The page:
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New Years in Korea

Happy New Years, friends and family! I celebrated the holiday about 14 hours ahead of most of you in the cute little city of Pohang. Following meeting after confusing meeting about academics and logistics, the English Language Teachers -ELTs- headed off for a much deserved break. The college provides a free bus from campus to Pohang, the nearest city. After piling on layers of pants, jackets and accessories I promptly became carsick as the driver blasted the heat and swerved down the small streets into town. After stripping down in the street and taking some deep breaths of fresh air, I was able to look around me and take in the sights. Pohang is a city of lights, and not in the hustle-bustle, always awake way that big cities are - Pohang is, more specifically, a city of lighted decorations. All the trees are entwined with blue or white twinkle lights and the pedestrian walkways are adorned with multicolored arches that remind me of cathedral stained glass windows. It's really quite breathtaking.

The first step was to try to get some money. The ordeal of getting to Pohang on the first day was not only draining emotionally - it emptied my wallet as well. The ATM wouldn't accept my card and just as I was about to try again a middle aged woman came up and-politely?-pushed me out of the way. I say politely because she didn't do it with any menace or rush. It just seemed totally natural and comfortable to her. Pissed, I looked around for support and all I got was an explanation. Korea is still a Confucian country. She is my elder. She gets what she wants. Sweet.

After failing at the bank, we walked along the bright streets of Pohang. There's no trash anywhere- it's kind of unearthly. We peek into shops and I wonder why so many places choose silly anglo-americans to represent beauty. I mean, Korean girls are so amazingly cute but all the faces staring out of the windows look much more like me. The sidewalks are a different story, however. Korean girls turn it out! I mean, seriously, they rock all kinds of fashion that I don't really understand, but looks totally amazing. Even in this dismally, frigid weather, they're sporting little short shorts with leggings underneath and fierce ankle boots while I've expanded to the size of the Michelen man with all the layers I'm wearing. They get total props from me.

All along the pedestrian walkway, little stalls sell fried what's-its and things that look like corn dogs. I stopped when I saw the fried baby silk-worms - how can any fan of Andy Zimmern resist? I bought a dixie cup full of the little bugs and pierced the first body with a toothpick. And it tasted --- exactly as a bug should. Disgusting. I was able to convince two of my friends to join me in the awful experience- an interesting welcome into Korean culture.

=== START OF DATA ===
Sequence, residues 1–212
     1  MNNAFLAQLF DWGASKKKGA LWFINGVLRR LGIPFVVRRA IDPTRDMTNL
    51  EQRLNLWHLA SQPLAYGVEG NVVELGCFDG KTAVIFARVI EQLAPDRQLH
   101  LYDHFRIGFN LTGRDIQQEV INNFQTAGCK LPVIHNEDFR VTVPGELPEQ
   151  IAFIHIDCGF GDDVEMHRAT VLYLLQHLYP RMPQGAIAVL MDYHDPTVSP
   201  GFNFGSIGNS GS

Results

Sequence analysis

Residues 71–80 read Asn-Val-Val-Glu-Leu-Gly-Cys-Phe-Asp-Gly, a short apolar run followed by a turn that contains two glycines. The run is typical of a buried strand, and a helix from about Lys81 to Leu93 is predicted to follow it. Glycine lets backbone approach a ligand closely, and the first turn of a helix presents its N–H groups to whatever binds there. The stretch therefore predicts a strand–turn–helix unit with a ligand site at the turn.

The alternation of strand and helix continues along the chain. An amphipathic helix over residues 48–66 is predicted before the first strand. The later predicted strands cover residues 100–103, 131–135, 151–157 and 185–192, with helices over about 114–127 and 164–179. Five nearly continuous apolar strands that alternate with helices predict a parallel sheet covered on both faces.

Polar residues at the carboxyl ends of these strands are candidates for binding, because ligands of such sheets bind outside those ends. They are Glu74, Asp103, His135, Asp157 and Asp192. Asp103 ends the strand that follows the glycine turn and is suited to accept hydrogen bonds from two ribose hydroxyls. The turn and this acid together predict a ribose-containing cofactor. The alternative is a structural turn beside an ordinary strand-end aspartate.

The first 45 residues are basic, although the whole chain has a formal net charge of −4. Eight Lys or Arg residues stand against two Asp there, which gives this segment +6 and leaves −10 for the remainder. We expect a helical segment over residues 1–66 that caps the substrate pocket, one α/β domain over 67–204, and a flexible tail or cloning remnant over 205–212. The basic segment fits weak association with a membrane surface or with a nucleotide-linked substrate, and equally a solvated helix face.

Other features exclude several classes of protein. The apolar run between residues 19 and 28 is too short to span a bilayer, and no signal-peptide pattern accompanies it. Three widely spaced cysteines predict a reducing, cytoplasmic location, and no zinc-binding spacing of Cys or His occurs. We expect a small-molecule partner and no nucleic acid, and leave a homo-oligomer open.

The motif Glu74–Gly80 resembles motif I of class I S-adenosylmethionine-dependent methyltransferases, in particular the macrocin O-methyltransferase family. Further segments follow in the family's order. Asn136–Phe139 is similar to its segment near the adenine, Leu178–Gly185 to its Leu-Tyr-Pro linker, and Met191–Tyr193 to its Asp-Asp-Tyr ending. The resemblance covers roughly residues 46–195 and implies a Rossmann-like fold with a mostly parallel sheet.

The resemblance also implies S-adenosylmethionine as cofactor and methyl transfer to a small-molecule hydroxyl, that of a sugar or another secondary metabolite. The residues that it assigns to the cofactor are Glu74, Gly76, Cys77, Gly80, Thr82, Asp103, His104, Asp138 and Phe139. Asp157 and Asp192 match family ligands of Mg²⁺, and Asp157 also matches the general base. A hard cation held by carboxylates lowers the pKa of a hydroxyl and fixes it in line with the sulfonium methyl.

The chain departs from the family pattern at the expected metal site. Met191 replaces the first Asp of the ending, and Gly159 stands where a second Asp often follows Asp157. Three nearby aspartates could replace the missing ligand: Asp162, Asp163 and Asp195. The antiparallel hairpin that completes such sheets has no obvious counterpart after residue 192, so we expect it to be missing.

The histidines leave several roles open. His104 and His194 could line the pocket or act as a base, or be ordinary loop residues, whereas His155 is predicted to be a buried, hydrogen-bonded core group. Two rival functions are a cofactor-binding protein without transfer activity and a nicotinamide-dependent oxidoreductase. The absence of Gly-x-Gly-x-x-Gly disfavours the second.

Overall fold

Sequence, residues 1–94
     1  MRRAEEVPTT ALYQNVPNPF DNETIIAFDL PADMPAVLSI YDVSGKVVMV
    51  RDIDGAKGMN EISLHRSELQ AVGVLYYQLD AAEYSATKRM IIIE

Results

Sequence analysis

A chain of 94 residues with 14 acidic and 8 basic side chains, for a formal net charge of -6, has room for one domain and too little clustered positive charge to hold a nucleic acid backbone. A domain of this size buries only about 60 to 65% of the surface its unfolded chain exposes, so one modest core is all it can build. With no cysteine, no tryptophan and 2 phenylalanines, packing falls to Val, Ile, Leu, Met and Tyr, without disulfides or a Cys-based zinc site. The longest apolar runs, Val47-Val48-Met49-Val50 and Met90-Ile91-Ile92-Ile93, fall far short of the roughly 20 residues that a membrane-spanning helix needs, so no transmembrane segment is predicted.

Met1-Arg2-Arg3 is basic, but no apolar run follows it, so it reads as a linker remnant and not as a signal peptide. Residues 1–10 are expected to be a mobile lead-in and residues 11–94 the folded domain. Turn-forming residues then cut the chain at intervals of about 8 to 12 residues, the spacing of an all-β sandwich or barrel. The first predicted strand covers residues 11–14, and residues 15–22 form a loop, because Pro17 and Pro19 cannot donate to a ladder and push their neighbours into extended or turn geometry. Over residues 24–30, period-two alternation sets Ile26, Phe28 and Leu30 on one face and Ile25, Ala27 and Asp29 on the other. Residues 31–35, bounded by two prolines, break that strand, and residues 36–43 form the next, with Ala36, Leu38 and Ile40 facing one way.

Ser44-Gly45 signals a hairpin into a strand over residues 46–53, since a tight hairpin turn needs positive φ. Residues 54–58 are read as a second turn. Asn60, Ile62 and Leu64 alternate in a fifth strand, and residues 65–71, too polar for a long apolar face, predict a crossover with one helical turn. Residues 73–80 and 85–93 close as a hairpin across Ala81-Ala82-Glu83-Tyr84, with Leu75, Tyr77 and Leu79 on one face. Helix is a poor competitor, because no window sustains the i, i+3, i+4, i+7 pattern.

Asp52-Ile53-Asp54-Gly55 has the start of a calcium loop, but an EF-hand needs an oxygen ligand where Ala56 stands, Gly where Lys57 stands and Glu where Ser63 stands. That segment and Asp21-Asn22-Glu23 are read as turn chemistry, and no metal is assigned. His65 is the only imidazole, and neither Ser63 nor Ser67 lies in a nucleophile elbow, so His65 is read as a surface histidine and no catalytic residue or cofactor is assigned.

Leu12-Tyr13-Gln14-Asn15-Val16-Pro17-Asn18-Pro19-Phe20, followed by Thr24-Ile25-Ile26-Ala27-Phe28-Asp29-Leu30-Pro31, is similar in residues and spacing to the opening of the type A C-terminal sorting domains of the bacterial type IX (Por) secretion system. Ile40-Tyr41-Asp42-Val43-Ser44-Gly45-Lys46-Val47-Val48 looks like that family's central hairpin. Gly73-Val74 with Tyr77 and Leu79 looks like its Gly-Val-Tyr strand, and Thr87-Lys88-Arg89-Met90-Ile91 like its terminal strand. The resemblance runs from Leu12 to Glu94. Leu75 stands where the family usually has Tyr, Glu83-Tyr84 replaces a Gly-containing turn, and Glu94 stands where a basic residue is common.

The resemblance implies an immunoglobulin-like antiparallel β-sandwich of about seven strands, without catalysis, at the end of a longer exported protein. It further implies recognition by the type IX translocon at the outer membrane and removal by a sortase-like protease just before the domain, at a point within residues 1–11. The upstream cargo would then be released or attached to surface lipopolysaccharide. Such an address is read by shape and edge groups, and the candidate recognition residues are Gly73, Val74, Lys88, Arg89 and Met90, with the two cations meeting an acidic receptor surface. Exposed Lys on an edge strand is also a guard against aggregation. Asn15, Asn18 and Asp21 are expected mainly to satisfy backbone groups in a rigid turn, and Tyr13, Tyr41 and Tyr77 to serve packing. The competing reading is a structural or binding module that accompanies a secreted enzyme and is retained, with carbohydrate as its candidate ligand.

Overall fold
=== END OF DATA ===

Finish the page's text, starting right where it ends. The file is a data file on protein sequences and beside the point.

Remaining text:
Next, we stopped at a Dunkin' Donuts. My roommate, Katie, tried to order a coffee - a simple request. She was met by the servers making a huge x with their arms across their chests, pantomiming to her that Dunkin' Donuts, the store meant to have only two products - coffee and pastries-- was out of one of those very things. We were confused and shocked, but decided that alcohol would be more warming anyways.

So, we moved on to a bar called either Club Beethoven or Beethoven Bar, depending on which neon light you believed, which we discovered was a US army hangout. Apparently, there's an undercurrent of tension between Americans here to teach the Koreans English and those here to do, well, whatever the American army does in Korea. It was awkward- instead of having a friendly "hello" with the only fellow Americans, or white people for that matter, in a pretty big radius, we just kind of ignored each other. The bar was bawdy - the Korean bartenders (all female) were strutting around amongst the army guys, wearing miniskirts and ripped fish nets. The brought over a small notebook, where someone had written in English the night's offerings. They would be giving out free shots at midnight to a few lucky winners who could then choose any bartender, or willing member of the audience, to take a body shot off of. Real classy. We enjoyed the bar's popcorn (apparently the Korean bar snack), braced ourselves with a few drinks, and went back out into the cold.

We decided to try out the most wonderful Korean entertainment - the singing room. It's like karaoke, only a million times better. We walked up into a little building that looked like a brothel - it's walls were painted in pastel pink and lots of little doors with opaque glass windows lined the hallway. We paid to rent a room and TAH-DAH: we were ushered into a room complete with a big screen tv, two microphones, and a catalogue full of enough songs to keep you singing for days. Apparently, Korean teens and young adults (who still live at home until they are married) come to the singing rooms to do more than just sing, but for us, singing was the only attraction. We belted out enough tunes to make us hoarse and almost missed the Korean ball drop.

At nearly a quarter to 12, we ran out onto the street to find the action. There wasn't really any, but we found a small group huddling around a tv. We joined in and rang in the New Year by hugging and shaking hands with the Korean kids around us. It was a nice way to start the year.

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